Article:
• And lastly, it's no secret that Newton drives a moped around campus. He's shocked that no one else does. "It's really popular," he said. 'When I first got here, I was shocked to see that no one really had a moped, but if you go anywhere else over the country, there are a lot of people where it is very popular. You look crazy if you don't have one. You come here and you have one and everybody is looking like, 'Oh, who is that? 'Oh, it's Cam. Ahhhhhh!' But it's funny when they're looking at you and I'm laughing, riding by them going to class and they're late."

10 comments:

AUsome04 said...

Great job AB!

Anonymous said...

Gooder?

Andy Bitter said...

Yeah, he caught himself pretty quick on that one and joked about it. Watch the video I'm going to put up in a second.

Orlando said...

Yeah I was just gonna ask about the video haha...anyways during the interviews do you just video and listen or do you ask most/some of the questions?

Andy Bitter said...

I'll ask a few questions. It's usually a group interview in front of the cameras, though.

Anonymous said...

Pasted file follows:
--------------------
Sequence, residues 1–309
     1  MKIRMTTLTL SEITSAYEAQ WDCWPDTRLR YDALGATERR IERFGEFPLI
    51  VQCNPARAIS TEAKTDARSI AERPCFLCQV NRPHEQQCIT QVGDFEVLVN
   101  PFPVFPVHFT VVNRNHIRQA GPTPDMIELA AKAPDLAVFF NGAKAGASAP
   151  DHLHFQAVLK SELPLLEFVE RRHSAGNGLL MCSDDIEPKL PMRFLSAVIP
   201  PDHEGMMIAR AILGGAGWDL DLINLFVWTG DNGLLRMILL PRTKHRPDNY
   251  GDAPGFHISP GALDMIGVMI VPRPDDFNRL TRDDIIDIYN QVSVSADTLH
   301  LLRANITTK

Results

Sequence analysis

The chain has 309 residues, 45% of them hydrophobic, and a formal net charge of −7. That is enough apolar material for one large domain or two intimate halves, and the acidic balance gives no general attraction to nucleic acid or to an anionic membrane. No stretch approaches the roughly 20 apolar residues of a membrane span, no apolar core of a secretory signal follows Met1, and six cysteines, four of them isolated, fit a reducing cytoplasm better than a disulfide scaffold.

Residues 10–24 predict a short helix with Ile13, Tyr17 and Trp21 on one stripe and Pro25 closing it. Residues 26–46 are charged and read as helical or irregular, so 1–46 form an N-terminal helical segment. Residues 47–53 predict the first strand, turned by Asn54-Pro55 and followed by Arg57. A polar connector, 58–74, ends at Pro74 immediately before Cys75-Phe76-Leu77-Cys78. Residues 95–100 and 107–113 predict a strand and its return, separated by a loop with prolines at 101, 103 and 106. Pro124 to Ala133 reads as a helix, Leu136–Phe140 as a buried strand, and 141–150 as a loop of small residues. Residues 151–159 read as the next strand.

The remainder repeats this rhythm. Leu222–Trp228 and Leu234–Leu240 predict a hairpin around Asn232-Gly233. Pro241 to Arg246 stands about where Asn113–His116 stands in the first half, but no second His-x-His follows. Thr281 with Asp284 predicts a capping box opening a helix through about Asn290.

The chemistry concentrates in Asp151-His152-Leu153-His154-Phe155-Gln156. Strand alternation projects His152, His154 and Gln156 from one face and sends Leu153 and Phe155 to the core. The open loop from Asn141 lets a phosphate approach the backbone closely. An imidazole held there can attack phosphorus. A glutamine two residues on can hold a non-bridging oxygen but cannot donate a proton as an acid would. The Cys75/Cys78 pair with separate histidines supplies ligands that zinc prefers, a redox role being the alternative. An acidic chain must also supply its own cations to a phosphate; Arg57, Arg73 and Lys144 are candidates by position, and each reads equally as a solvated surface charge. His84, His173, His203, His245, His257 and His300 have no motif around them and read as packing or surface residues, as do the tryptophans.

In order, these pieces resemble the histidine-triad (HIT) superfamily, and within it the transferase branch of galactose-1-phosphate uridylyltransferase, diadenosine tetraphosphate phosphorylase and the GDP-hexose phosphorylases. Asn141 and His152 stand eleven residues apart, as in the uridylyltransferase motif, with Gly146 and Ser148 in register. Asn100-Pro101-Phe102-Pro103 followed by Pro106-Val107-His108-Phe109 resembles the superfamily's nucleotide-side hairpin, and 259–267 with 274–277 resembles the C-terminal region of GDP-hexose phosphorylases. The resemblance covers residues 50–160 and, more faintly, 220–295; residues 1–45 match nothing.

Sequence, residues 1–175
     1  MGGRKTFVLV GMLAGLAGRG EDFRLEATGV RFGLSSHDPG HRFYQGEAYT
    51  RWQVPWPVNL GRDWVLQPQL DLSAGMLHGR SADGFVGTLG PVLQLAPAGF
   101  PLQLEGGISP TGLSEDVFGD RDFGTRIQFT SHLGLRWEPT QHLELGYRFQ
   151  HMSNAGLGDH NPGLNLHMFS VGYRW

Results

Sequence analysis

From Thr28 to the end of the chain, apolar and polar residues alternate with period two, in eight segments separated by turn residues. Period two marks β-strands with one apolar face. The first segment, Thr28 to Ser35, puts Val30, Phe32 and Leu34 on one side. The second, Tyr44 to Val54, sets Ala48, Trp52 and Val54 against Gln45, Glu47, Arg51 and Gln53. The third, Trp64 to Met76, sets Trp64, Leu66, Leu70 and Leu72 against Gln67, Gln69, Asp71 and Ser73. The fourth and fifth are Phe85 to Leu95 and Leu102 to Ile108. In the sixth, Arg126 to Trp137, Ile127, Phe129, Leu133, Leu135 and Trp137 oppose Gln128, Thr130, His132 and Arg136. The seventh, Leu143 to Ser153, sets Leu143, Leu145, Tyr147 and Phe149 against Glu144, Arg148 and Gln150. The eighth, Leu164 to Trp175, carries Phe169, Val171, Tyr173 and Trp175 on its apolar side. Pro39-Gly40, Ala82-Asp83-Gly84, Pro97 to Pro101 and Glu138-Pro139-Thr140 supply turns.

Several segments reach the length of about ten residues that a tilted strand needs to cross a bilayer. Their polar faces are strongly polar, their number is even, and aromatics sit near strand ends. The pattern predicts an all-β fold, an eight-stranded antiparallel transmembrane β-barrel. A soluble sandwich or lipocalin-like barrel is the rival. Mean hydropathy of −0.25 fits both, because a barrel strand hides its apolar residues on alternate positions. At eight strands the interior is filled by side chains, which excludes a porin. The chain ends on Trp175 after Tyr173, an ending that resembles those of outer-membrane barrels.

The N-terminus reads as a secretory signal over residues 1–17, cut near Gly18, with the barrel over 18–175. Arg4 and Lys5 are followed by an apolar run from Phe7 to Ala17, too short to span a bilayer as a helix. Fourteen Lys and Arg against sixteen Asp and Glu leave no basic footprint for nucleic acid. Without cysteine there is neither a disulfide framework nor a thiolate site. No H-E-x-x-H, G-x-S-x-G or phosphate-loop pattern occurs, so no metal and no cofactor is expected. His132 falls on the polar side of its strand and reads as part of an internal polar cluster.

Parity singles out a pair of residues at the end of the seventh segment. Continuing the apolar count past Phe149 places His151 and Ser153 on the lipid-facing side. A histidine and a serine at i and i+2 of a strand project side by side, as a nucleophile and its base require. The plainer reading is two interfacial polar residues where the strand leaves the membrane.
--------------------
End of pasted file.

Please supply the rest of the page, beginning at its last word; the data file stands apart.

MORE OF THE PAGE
please don't post that video. i'd rather it not get around if you know what i mean.

Andy Bitter said...

It's nothing bad. Cam just misspoke, quickly realized it and corrected himself without missing a beat.

Moose said...

Andy, you do a fantastic job covering the Tigers.

Overall, how would describe the attitude of Malzahn and his offense? I know he's very critical on penalties, but he has had to have shown some signs of knowing that he's got the potential to have one of the best, if not the best offense in the country.

Jess said...

I remember Tony Franklin explaining early on that the "Spread" is not an offense in and of itself, but simply a formation from which you run an offense. That probably explains the seemingly conflicting comments from Lee and Cam, as well as the fact that there are many "Spread Offenses" out there and they can look very different. WDE!

Andy Bitter said...

I think Malzahn knows he has what could be a great offense this year. But he doesn't tip his hand very much. It's not in his personality. I don't think you can judge the Tigers' offense based on his comments.